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What defines an Expedition Yacht?

Discussion in 'Popular Yacht Topics' started by YachtForums, Mar 18, 2013.

  1. YachtForums

    YachtForums Administrator

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    In our recent review of the Horizon EP69, we stated that although this boat has motoryacht and trawler-like features, it doesn't qualify as an Expedition, which is the designation that Horizon has given the vessel. I usually quantify an expedition yacht based on signature design attributes, but also range, stowage and a certain utilitarian prowess.

    With it's big freeboard, displacement hull coupled with a Portuguese bridge and forward swept pilothouse windows, the EP69 is very trawler-like. Horizon didn't want the boat "pigeon-holed" in the trawler category. Instead, they want it viewed as an alternative to someone seeking an Expedition yacht. For me, an Expedition must have serious range and the EP69's reach is more like a motoryacht. Horizon wants it known that fuel capacity can be added, but does this make it an Expedition? If anything, it's a hybrid; difficult to categorize.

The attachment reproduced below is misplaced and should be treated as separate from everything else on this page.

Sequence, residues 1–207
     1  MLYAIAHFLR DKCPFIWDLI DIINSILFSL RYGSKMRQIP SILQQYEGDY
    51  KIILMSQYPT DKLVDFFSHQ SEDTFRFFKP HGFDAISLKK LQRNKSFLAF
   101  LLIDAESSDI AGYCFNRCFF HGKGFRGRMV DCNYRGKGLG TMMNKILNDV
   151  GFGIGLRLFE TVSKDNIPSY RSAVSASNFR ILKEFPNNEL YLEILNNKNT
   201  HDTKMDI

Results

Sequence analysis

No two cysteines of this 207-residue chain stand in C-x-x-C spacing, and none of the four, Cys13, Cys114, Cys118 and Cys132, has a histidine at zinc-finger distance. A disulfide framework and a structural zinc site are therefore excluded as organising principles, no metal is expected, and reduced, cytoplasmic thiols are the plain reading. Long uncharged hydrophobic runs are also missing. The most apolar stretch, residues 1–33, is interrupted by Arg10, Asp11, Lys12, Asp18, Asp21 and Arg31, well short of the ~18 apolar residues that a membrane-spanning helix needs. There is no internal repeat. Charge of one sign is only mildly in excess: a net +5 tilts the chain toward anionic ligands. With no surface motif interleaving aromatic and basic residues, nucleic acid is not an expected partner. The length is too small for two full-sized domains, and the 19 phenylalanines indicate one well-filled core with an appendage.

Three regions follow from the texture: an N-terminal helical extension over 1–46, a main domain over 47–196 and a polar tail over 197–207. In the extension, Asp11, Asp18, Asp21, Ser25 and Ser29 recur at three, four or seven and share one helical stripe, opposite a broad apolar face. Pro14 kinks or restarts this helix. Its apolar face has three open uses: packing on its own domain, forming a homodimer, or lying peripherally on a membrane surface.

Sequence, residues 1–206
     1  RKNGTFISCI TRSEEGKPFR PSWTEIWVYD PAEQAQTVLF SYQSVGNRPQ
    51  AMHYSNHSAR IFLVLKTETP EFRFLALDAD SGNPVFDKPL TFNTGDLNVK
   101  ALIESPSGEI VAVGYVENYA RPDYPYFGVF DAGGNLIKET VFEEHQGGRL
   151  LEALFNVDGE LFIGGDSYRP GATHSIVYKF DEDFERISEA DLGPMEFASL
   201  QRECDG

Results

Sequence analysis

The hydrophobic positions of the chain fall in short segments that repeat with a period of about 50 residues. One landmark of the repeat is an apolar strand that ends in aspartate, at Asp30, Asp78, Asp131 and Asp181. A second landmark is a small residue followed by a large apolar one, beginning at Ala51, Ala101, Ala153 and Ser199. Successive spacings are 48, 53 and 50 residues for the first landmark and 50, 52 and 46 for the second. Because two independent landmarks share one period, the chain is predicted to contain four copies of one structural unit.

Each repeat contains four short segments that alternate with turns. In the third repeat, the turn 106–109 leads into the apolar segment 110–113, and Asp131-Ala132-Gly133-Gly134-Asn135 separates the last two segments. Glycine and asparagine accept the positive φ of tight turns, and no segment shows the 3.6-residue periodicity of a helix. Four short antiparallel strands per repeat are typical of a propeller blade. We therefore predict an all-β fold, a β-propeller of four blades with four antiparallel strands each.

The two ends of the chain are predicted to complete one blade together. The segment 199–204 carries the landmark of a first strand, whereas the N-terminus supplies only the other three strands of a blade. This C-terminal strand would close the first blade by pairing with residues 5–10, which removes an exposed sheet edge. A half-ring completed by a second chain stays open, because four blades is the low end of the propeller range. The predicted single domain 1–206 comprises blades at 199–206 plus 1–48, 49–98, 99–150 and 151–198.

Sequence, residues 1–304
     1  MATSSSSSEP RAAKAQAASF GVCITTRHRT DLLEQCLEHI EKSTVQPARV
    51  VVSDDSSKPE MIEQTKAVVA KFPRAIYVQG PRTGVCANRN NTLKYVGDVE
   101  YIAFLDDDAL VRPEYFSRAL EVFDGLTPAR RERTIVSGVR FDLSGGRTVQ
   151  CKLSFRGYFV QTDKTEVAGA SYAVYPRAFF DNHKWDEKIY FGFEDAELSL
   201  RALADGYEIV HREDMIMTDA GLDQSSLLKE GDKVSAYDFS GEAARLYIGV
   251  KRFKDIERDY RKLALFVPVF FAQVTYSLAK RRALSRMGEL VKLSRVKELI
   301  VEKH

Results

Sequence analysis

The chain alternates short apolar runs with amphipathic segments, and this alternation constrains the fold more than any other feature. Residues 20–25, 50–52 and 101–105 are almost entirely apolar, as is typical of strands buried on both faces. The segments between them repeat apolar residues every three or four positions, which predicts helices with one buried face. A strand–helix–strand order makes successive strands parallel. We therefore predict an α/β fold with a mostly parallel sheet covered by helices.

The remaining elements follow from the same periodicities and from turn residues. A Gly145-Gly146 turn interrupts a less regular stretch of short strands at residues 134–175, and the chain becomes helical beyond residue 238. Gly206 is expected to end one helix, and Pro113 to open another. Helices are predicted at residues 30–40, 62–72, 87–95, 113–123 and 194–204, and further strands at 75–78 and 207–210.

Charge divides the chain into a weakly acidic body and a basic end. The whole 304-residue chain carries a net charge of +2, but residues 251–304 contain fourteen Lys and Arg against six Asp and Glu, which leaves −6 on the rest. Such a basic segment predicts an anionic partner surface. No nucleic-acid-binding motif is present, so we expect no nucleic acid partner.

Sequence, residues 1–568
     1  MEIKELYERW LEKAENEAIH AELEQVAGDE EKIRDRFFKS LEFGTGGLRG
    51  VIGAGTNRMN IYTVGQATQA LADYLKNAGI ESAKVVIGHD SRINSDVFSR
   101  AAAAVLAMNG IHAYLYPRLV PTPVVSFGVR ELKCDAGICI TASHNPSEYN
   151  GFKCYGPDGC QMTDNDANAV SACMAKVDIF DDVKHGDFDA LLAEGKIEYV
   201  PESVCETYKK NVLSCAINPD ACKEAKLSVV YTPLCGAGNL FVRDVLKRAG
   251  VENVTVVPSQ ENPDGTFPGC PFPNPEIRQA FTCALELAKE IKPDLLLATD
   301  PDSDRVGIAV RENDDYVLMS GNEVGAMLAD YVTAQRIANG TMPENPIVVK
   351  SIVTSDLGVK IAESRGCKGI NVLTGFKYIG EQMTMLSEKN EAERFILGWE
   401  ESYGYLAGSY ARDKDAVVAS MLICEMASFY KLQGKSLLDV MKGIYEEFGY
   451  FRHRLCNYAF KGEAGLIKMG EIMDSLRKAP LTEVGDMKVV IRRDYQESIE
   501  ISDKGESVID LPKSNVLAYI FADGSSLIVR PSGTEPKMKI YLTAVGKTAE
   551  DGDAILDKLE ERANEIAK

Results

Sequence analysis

What are your thoughts? What defines an Expedition Yacht? Below is a pic of the EP69 and the quintessential expedition, Turmoil.

    Attached Files:

  2. Fishtigua

    Fishtigua Senior Member

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    Chunky. Sturdy. Solid.

    These are all words that an Expedition yacht should bring to mind. A boat that can go through any weather. This is not to say it should look like a rusty Tug that's been sat up a river for 20 years or that it's been hit with the ugly stick.

    I looked at that Horizon and thought where could you explore with that? Pulling alongside of a rough fuel dock and taking on low quality fuel, what systems are in place for fuel treatment, let alone fending off uneven concrete docks without stout rubrails. Food storage, as Judy pointed out, and a galley layout that would be a world of pain for cooking at sea. All these little things make a proper yacht a sea-going yacht, not a marina prima donna or a weekender.

    So, in a short answer, you need range, comfort, low maintenance, weatherly (dropping anchors or moving about the boat in weather) easy to fix and above all SAFE.
  3. Old Phart

    Old Phart Senior Member

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    I dunno
  4. discokachina

    discokachina Senior Member

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  5. Opcn

    Opcn Senior Member

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    A high bulwark to keep you from getting battered and dragged overboard in heavy seas. Small thick portholes instead of large vulnerable windows. A hull thick and strong enough to survive collisions with flotsam and jetsam.